With Hixon, Smith, Sinorice Moss, and Mario Manningham now leading their wide receiver corps, New York has young but still unproven talent they will rely on.
With Hixon and Smith all but guaranteed a starting role, Moss and Manningham are set to battle it out for the final starting wide receiver spot. Although some may have given up on Moss, he has still not been given ample opportunity to play during games.
With New York relying on Toomer, Smith, and Burress throughout much of their game time, Moss was only able to play in spurts but still showed flashes of what he could do with the ball in his hands.
Manningham like Moss has the natural speed that could help the Giants this upcoming season. Also like Moss, he received little playing time to show that speed on the field.
Coming out of Michigan, Manningham had trouble grasping the concepts in the Giants' playbook, but his talent is undeniable.
With the receiver position taking arguably the longest time to develop in the NFL, these two young men will have an opportunity to make a name for themselves this upcoming season.
Yet despite this young stable of wide receivers, the Giants are likely to add one more playmaker to their offense before the beginning of May.
With Torry Holt still available, his playmaking ability would be a major boost to the New York offense. Although he may not be 6'5" like Burress, his ability to change the direction of his body to the angle of the ball makes him No. 1 on a list of possible options the Giants may consider with the money freed up from Burress' release.
People still fail to realize that height isn't everything in football. Watching the current Super Bowl champion Steelers, it is evident that a 6'0" and under receiver can still help teams win championships.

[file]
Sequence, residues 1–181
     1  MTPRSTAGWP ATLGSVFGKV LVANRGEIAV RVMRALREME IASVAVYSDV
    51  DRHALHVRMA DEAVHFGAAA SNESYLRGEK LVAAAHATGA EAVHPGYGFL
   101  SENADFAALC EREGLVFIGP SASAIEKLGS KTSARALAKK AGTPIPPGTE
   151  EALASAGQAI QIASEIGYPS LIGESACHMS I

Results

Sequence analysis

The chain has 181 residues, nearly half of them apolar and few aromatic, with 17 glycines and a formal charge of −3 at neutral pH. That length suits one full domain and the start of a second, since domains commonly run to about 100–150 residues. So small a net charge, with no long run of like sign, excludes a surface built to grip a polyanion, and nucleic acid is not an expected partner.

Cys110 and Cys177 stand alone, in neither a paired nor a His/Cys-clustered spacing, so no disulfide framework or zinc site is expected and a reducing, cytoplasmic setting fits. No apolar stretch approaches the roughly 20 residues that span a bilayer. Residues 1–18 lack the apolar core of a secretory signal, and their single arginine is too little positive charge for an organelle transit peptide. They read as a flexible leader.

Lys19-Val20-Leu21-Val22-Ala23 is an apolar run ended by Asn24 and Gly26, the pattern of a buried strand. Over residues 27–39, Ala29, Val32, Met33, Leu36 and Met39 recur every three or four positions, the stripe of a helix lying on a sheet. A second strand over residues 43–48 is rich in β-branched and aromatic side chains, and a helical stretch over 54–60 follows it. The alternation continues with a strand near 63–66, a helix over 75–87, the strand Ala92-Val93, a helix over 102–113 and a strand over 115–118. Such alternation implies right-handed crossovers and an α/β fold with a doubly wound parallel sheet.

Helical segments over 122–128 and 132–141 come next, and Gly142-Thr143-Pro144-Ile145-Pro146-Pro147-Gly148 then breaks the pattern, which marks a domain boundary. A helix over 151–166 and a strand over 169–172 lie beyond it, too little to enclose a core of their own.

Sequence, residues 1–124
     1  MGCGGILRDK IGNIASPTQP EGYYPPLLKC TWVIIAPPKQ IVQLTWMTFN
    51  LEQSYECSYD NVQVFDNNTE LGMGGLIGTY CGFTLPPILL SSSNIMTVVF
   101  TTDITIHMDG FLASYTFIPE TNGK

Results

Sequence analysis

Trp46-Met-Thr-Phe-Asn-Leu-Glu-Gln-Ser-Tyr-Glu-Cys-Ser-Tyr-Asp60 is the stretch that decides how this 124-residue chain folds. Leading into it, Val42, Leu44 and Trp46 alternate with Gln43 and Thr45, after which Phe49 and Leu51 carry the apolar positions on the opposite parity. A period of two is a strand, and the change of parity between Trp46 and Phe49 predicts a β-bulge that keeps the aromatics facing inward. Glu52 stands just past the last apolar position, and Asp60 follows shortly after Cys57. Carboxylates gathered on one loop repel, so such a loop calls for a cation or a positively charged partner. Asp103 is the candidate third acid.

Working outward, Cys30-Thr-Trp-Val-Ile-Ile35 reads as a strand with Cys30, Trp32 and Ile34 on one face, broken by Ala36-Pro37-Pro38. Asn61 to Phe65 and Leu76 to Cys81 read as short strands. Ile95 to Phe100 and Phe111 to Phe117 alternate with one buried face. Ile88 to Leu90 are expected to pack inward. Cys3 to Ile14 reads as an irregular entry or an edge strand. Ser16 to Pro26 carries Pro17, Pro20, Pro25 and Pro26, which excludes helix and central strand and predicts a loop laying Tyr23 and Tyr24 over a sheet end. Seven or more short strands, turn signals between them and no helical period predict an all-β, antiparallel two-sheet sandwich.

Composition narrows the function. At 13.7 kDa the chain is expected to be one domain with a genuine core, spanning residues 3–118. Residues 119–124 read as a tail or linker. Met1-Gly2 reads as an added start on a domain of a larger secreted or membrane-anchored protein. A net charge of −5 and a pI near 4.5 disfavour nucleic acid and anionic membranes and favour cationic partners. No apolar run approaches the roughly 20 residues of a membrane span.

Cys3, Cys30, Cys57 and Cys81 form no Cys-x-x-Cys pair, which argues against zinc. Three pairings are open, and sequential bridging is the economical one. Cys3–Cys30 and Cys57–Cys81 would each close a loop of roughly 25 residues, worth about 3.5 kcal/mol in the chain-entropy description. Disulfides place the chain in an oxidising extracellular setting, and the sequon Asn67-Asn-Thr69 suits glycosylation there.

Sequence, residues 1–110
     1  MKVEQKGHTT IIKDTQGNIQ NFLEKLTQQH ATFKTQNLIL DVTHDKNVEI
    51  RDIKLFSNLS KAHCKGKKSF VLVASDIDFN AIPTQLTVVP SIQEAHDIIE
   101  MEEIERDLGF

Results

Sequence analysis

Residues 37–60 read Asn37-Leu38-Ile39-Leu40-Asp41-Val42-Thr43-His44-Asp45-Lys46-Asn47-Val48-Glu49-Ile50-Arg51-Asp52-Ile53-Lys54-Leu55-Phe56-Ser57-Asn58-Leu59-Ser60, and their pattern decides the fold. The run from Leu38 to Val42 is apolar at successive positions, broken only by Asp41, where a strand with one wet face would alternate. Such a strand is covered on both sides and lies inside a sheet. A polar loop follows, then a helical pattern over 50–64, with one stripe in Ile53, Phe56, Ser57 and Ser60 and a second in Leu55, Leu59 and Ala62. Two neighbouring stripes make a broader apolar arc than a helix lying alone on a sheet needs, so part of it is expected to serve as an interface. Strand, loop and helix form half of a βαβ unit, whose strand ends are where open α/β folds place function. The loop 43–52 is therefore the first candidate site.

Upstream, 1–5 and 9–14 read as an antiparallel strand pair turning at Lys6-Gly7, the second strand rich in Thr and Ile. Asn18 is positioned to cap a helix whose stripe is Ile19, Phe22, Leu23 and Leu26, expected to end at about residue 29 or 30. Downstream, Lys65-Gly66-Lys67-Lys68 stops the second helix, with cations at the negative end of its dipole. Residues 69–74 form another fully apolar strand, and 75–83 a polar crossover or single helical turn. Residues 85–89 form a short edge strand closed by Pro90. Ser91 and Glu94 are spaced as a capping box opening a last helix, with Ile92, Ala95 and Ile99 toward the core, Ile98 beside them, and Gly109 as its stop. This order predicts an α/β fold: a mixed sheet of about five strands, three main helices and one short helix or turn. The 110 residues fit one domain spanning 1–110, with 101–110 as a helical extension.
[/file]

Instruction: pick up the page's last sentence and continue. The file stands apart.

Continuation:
With Torry "Big Game" Holt in town, the Giants could also wait until the second round to draft a young wide receiver and allow Holt to play the role of mentor for the next two years.
With a receiver from the group of Jeremy Maclin, Darrius Heyward-Bey, Hakeem Nicks, Kenny Britt, and Brian Robiskie likely dropping to the Giants with their first pick in the second round, they have the opportunity to find a player to groom as a possible future starter.
Although some may argue that many of these receivers will not be available at New York's first pick, one needs only look at last year's draft to see how the predicted first-round wide receivers lasted until the second round.
They might be predicted to be drafted in the first round, but the draft is always unpredictable.
The most important aspect for the Giants in drafting a wide receiver will likely be a player's skill set in the upcoming draft. Some may believe the height of players like Britt and Cal wide-out Ramses Barden may play a role, but a tall receiver is not always the best receiver.
Despite Eli's accuracy issues, a receiver that can adjust to the flight pattern of a ball can be just as effective as a player who can jump for a ball.
Speaking of tall wide receivers, the Cleveland Browns' Braylon Edwards seems to be the popular player that fans would love to see in New York. Yet, despite Braylon's ability to catch touchdowns, his propensity for drops would likely drive Giants fans and coaches insane.
As a constant follower of Edwards' career at Michigan, I know the immense talent he maintains. Yet I also know the unsteady hands that he possesses.
Maybe if Edwards used the Stick-um that former Raiders wide receiver Fred Biletnikoff utilized during his career, my position would change. As of now though, I would choose a receiver with superior hands over one with superior height.
Additionally, there are two major factors that will likely stop the Giants from making a deal with Edwards.
With Kellen Winslow no longer in Cleveland and Donte Stallworth likely counting the days until his prison sentence, Edwards is the Browns only legitimate offensive option (Joe Jurevicius is not returning).
Furthermore, with Giants General Manager Jerry Reese proving to be more interested in acquiring picks than trading them, the likely bounty of a first-round pick, plus more, would most likely end any trade conversations between the Giants and Cleveland.
Looking past Edwards to Arizona wide receiver Anquan Boldin may seem like a good idea at first, but the compensation for Boldin would also cost the Giants dearly.